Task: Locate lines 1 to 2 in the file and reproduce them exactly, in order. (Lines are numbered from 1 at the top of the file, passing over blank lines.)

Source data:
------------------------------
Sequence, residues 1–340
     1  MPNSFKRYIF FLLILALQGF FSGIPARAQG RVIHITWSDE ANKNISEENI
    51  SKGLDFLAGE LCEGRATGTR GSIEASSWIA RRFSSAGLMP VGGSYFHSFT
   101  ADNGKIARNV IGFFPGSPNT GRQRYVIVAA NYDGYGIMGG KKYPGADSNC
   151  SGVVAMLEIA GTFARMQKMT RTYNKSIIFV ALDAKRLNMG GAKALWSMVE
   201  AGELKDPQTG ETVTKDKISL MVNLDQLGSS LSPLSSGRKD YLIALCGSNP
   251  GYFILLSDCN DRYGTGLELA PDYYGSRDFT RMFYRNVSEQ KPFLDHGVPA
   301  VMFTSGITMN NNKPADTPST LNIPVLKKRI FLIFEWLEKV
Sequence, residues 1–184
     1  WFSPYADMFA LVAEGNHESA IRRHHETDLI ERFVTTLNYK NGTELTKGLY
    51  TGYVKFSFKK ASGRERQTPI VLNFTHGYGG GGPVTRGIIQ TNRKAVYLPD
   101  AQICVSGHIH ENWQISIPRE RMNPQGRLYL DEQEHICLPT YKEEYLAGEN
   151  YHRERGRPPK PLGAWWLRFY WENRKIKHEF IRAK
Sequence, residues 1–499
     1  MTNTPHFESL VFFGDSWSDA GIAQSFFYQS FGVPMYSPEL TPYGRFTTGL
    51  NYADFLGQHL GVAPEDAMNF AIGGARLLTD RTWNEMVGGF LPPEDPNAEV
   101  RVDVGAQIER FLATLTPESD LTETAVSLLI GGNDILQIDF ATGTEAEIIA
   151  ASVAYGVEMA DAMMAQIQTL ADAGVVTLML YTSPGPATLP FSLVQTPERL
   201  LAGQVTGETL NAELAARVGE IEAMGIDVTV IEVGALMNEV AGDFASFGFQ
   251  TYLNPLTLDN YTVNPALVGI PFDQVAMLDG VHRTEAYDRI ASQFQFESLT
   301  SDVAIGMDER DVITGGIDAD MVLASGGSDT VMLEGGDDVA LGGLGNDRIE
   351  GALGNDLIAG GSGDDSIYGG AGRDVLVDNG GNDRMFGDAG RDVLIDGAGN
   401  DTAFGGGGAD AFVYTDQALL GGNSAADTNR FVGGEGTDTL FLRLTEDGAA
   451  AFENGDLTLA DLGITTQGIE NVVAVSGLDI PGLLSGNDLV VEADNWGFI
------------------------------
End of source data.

Sequence, residues 1–340
     1  MPNSFKRYIF FLLILALQGF FSGIPARAQG RVIHITWSDE ANKNISEENI